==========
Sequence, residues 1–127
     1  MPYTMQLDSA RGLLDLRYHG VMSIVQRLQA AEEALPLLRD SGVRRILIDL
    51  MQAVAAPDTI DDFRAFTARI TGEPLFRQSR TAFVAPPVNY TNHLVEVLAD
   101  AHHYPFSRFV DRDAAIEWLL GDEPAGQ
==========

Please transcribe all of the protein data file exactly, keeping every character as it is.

Sequence, residues 1–127
     1  MPYTMQLDSA RGLLDLRYHG VMSIVQRLQA AEEALPLLRD SGVRRILIDL
    51  MQAVAAPDTI DDFRAFTARI TGEPLFRQSR TAFVAPPVNY TNHLVEVLAD
   101  AHHYPFSRFV DRDAAIEWLL GDEPAGQ